On Copyright, and Purchased Quilt and Embroidery Designs
I purchased the Hen House appliqué quilt pattern in downloadable electronic form (PDF files) from Claire Turpin Designs in Australia via Etsy. I then contacted Claire via email on Etsy and requested her permission to digitize the elements in the quilt blocks. Claire agreed, with the following restrictions:
"That('s) total(ly) fine as long as it is for personal use only and the digitised pattern is not shared with anyone else. " — Claire Turpin
Perfect! Her request was straightforward and not anything more than I expected!
On Copyright of Embroidery and Quilt Designs
In our personal lives, quilting and embroidery compliment each other beautifully. We embellish quilt blocks with beautiful embroidery designs we either purchase or digitize with our favorite embroidery suite, PREMIER+™ 2 Ultra. Electronic cutters make our lives easier by eliminating the requirement for precise manual fabric cutting around placement stitch lines; as we age arthritis may hinder this delicate manual cutting operation to a larger or lesser extent, so the cutters become an essential tool in the studio.
Just because we purchase a quilt design does NOT give us permission to do whatever we wish to do with the quilt or embroidery design. The Copyright notice in the PDF documents included in the electronic download for the Hen House quilt was perfectly clear: "...do not use or abuse my designs for any commercial purpose."
Many times the Copyright notice is not clear, and other times it is plain confusing or might require clarification. It is up to us, the consumers, to request clarification, and to ask for permission to do whatever it is we wish to do. But WE are the ones who must make it perfectly clear to the Seller what WE intend to do, so everything in on the proverbial table. In other words, be as specific as possible to help the seller understand WHY you request permission to do something.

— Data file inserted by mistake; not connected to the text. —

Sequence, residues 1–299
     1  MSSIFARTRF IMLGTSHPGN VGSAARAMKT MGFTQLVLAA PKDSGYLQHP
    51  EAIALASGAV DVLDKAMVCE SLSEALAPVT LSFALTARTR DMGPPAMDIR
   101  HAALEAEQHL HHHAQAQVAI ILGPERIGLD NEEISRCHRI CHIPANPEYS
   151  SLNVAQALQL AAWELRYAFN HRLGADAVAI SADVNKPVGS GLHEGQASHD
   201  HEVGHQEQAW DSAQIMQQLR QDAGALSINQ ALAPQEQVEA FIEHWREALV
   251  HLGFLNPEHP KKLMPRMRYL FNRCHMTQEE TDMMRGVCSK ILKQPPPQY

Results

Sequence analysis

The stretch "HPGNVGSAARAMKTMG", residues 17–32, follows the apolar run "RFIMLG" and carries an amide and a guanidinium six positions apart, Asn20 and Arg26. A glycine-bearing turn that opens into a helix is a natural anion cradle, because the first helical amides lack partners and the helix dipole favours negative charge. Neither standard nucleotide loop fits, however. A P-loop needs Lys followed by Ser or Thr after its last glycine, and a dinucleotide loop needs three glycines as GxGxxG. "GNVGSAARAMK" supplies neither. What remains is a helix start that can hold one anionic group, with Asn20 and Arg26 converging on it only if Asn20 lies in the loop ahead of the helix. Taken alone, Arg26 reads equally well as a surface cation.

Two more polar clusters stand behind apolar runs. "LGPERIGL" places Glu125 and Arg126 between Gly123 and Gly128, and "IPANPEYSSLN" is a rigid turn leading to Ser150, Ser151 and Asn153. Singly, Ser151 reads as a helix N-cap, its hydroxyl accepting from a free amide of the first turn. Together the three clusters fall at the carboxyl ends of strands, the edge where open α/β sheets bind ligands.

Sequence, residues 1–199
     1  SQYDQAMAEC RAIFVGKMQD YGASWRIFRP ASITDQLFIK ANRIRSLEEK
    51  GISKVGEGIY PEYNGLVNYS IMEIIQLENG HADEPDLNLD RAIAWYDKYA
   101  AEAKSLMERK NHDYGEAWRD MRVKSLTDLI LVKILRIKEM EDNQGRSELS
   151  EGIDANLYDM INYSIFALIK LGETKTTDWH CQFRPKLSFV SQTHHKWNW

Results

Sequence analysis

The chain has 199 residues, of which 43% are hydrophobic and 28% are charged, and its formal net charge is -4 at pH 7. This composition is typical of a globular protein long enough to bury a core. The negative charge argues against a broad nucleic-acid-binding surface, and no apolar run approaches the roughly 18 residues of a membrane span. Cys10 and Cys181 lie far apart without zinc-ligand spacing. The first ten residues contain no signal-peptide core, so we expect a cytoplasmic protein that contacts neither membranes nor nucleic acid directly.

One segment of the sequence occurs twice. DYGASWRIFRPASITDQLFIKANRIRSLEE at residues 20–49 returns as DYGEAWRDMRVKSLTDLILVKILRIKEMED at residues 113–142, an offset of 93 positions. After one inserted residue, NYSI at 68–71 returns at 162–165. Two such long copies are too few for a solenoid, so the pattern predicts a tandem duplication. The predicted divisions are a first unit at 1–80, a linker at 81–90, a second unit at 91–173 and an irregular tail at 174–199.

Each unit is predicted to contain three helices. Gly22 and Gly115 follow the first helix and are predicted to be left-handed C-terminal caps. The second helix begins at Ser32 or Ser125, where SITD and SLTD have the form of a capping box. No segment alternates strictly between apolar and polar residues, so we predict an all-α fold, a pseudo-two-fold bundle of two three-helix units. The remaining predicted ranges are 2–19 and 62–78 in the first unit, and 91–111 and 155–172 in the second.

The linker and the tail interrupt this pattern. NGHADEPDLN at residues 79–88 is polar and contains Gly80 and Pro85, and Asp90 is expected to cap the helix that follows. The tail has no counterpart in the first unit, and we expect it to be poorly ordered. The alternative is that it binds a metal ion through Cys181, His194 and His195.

I am amazed at how others disrespect Copyright notices or believe that simply paying for an item gives them permission to do as they wish, including selling what is not theirs.
If you do not get permission, use common sense and do not abuse what is someone else's Intellectual Property (IP)! The act of paying for an electronic download in the form of PDF documents does not give you permission to sell the documents, or to digitize embroidery elements that can be created from those documents!
One Example of Copyright Notice
When I downloaded the Hen House quilt PDF document included in the zip archive I saw the following Copyright notice on all 8 pages of the PDF:
I contacted Claire via email to request her permission to digitize the hens, rooster, fox, plants, and chicken houses; in other words, every design element in the quilt blocks. And I kept fingers crossed while waiting, as regular machine appliqué requires careful cutting around tackdown stitch lines. But arthritis can prevent us from doing the extensive delicate and accurate cutting required.
Digitizing the Embroidery Designs in the Quilt.
I explained fully to Claire what I intended to do; because the contact was via email, everything was in writing. And when Claire granted me permission via email, it was also in writing. This completed everything required by Claire from me as far as the quilt design elements.
I will never sell the digitized embroidery designs, nor will I profit in any way from the Hen House quilt. That all belongs to Claire Turpin Designs; I do not own any part of the design. I simply paid for the privilege to use what is Claire's Intellectual Property (IP).
Thank you, Claire!